MDA Telethon Ends Historic RunFebruary 22, 2016
The Muscular Dystrophy Association, of MDA, announced in May 2015 that the new realities of television viewing and philanthropic giving have made this the right time for the organization to move beyond its historic Labor Day telethon and discontinue production of a broadcast telethon.
MDA plans to invest more in digital and mobile channels for consumer engagement and activation.The organization will continue to share the inspirational stories of MDA families on Labor Day and throughout the year via digital channels as part of an emerging year-round plan to revitalize its brand, connect with donors more frequently, strengthen family support, and attract and recognize sponsors in new ways.
“The decision to end our beloved telethon was not made lightly,” said MDA President and CEO Steven M. Derks. “In the last few years, the show was adjusted to reflect changes in viewership and donor patterns, and last summer’s Ice Bucket Challenge once again affirmed for us that today’s families, donors and sponsors are looking to us for new, creative and organic ways to support our mission.”
The first telethon hosted by Dean Martin and Jerry Lewis aired in 1956 and has attracted America’s most famous celebrities over the years, none more prominent than the legendary Lewis, who emceed the event through 2010. For decades, the telethon was an event not to be missed and instrumental in raising awareness and donations to save and improve the lives of kids and adults fighting muscular dystrophy, ALS and other life-threatening diseases that severely limit muscle strength and mobility. It was the most prolific telethon in history and model to many other nonprofits.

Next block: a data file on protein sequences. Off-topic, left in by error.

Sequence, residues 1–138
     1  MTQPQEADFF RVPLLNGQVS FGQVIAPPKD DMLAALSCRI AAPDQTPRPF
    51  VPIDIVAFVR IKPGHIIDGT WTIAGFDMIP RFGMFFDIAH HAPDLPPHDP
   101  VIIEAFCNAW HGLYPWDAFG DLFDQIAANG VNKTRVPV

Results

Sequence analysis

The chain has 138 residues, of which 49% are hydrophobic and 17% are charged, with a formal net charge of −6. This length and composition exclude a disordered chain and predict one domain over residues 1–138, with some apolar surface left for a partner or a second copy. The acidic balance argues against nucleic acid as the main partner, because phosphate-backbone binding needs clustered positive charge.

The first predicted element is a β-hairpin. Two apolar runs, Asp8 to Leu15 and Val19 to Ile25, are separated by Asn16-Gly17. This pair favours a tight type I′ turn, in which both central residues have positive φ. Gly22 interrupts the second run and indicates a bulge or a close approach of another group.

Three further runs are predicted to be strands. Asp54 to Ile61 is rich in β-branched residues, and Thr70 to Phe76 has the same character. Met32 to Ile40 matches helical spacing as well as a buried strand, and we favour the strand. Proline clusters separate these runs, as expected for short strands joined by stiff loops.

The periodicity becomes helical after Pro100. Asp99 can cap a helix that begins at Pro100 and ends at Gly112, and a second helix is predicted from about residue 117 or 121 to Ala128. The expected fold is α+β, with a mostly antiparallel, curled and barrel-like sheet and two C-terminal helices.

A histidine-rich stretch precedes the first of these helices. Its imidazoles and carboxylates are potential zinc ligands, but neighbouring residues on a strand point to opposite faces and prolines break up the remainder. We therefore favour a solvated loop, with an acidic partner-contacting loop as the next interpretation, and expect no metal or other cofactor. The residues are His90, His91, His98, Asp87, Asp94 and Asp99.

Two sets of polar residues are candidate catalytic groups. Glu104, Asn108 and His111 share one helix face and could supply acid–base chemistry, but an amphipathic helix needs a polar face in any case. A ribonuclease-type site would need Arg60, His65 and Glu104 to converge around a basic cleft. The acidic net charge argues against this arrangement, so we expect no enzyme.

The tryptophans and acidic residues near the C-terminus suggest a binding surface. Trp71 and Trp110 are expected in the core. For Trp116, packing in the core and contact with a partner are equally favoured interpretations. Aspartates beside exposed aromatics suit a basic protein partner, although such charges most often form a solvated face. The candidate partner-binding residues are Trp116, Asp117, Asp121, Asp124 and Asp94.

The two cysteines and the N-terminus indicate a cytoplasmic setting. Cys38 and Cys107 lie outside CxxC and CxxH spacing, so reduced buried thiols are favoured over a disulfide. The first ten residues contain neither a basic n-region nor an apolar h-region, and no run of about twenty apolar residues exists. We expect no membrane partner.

Each year’s telethon success has reflected grassroots support of telethon-related special events nationwide, as well as direct marketing initiatives; sponsor-driven fundraising activities; and pledges and contributions made to MDA by phone, text and online donations during the broadcast.
As it has expanded other sources of income, MDA cut back on its telethon broadcast, moving from a 21½-hour show in 2010, Lewis’ last year hosting, to a six-hour show in 2011, three hours in 2012 and two hours in 2013 and 2014, which were exclusively broadcast on ABC. In 2012, the telethon was renamed the “MDA Show of Strength Telethon” and became principally an entertainment special intended to raise awareness for MDA and the national sponsors who volunteer and help raise funds.
MDA will transition to personal shows of strength, building on its rich tradition around consumer activation and compelling stories that inspire, entertain, and most importantly, incite urgent action.
“We have ambitious plans to leverage our history, the compelling stories of our families and our record of innovation — just like we did decades ago when we introduced the telethon and cause-marketing for nonprofit organizations — as we continue to use creative ways to connect with supporters and deliver more value for our sponsors, never forgetting the families who are at the very heart of our mission,” Derks said.